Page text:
Announcing Jemurai Security Automation

Announcing Jemurai Security Automation

Matt Konda one comments

Its been an exhilarating few weeks.  I had to remind myself to take a breath and blog today.

What’s new-ish is that, we have a core team working on a new platform for security automation.  It extends the work we’ve done with Glue and other ideas taken from a great sample of client consulting engagements.  Across all of those engagements it just never felt like any solution was complete or as intuitive as it should have been.  We were always bending rules to live in Jenkins or to write custom scripts to check things that maybe aren’t that unique.

I’ve tried to always remind my team:  get meta.  What’s the problem behind the problem?  That vuln isn’t the problem.  Its the SDLC that allows the vuln to be introduced and not reviewed or noticed that is the problem.

Frankly, as a team we all started to think that all the tooling we’re using for DevOps and Security Automation is all too opinionated.  None of it is at its root there to be the backbone of a flexible solution.  Usually the existing tooling is pushing you into a particular vendors security tool.

We don’t have a combination of a rich inventory, accessible through an API, combined with a flexible way to do things with source code, containers, live systems, clouds in an abstracted way that can be assembled to build a better security automation solution.  The opportunity presented itself to start working on it and as a team we couldn’t be more excited to be building the next generation of tooling.  We’ve got prototypes flying that look at this problem in a whole new way.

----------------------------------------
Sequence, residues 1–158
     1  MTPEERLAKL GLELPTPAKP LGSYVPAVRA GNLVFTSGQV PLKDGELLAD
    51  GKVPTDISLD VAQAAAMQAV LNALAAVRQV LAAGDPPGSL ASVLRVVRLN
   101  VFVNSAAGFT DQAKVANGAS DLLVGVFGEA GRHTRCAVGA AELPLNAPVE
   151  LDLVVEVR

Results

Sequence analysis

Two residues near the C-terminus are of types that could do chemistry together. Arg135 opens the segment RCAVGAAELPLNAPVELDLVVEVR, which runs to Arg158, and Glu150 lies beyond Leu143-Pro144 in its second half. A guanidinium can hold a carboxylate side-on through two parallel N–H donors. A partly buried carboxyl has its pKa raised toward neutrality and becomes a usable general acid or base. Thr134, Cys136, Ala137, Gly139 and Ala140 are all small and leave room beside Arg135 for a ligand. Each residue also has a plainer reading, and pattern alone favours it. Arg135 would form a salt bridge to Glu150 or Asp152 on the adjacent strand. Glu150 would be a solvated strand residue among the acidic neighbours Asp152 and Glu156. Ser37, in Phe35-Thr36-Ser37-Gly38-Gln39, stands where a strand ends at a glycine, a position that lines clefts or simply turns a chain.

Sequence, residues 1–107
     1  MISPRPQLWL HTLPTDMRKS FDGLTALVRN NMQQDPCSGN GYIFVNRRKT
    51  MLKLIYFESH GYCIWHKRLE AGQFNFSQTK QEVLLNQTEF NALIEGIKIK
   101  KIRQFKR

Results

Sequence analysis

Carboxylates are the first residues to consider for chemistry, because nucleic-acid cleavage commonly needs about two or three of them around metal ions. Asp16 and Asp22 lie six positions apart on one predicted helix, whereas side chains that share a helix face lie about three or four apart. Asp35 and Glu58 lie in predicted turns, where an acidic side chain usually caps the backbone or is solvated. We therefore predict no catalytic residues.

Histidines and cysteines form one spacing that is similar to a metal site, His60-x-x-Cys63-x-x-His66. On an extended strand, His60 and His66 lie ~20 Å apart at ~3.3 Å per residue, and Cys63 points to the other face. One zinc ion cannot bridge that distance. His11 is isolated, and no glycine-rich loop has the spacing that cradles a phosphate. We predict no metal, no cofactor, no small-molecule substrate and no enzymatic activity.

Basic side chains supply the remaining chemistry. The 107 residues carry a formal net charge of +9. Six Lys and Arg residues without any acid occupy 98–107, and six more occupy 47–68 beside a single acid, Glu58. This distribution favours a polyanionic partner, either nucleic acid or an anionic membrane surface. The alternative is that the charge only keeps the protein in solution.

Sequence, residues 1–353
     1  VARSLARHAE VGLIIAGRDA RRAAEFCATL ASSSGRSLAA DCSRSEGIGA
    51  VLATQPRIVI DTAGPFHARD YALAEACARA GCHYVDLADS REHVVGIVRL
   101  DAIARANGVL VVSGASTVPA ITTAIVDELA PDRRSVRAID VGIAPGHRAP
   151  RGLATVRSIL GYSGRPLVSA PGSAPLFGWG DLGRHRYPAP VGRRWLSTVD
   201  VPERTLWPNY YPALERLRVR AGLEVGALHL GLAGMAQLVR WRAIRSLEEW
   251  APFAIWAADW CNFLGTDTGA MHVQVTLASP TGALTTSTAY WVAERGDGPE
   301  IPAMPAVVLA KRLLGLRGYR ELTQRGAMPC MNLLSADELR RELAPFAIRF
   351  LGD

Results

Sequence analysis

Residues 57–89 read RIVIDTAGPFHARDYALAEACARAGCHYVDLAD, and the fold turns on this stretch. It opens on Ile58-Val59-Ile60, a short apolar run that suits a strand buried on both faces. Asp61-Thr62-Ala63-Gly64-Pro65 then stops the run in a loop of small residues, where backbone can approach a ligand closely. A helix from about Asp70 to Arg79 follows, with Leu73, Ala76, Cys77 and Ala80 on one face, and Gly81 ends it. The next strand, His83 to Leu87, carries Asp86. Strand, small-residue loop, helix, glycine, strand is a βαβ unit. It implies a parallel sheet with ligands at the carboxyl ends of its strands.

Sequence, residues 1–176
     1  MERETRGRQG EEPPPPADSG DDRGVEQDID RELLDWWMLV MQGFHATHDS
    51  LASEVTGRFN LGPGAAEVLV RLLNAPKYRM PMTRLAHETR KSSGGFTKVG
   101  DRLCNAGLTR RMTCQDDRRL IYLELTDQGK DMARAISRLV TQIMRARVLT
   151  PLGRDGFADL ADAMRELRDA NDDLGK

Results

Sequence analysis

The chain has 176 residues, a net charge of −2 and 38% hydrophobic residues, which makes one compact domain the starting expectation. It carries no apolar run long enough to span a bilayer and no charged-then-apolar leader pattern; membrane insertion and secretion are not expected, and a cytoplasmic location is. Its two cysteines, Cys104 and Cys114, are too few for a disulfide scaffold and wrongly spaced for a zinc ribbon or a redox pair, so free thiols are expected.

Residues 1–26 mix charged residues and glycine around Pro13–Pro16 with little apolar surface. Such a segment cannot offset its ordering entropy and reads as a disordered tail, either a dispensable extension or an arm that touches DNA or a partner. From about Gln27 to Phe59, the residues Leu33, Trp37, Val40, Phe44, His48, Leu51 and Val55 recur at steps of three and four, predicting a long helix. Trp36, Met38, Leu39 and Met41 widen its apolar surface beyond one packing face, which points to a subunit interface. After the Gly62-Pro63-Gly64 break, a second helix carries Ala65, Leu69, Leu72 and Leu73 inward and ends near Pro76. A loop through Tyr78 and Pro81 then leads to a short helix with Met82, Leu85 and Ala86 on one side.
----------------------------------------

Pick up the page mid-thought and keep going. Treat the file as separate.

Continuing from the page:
If you’re interested in hearing more, are struggling with security automation, or have ideas you want to share to help us, I would personally love to hear from you.  We’re also actively looking for beta testers.  Catch me at matt at the company domain dot com.

Impersonation Failures

Matt Konda No Comments

Several times in the last few weeks we have looked at applications that have significant issues with “impersonation” features.  What is impersonation?

an act of pretending to be another person for the purpose of entertainment or fraud.  (From Google)

In practice, impersonation is a feature that is commonly implemented to allow Customer Support to “see what the user sees”.  Typically, it involves the support user effectively logging in as the actual user.  As such, as a feature it can be invaluable.

It can also go quite wrong. 

We reviewed one application that allowed any user to impersonate any other user.  Only certain users should be able to perform impersonation.  This is an issue of authorization.  Rarely do we want regular users to be able to impersonate internal users.

It is almost a surprise if we see an application that has proper auditing around impersonation and actions during the impersonated session.

Things that should be auditable include:

  • When the impersonation started and who initiated it.
  • What actions were taken on behalf of the user by the impersonating user.
  • When the impersonation stopped.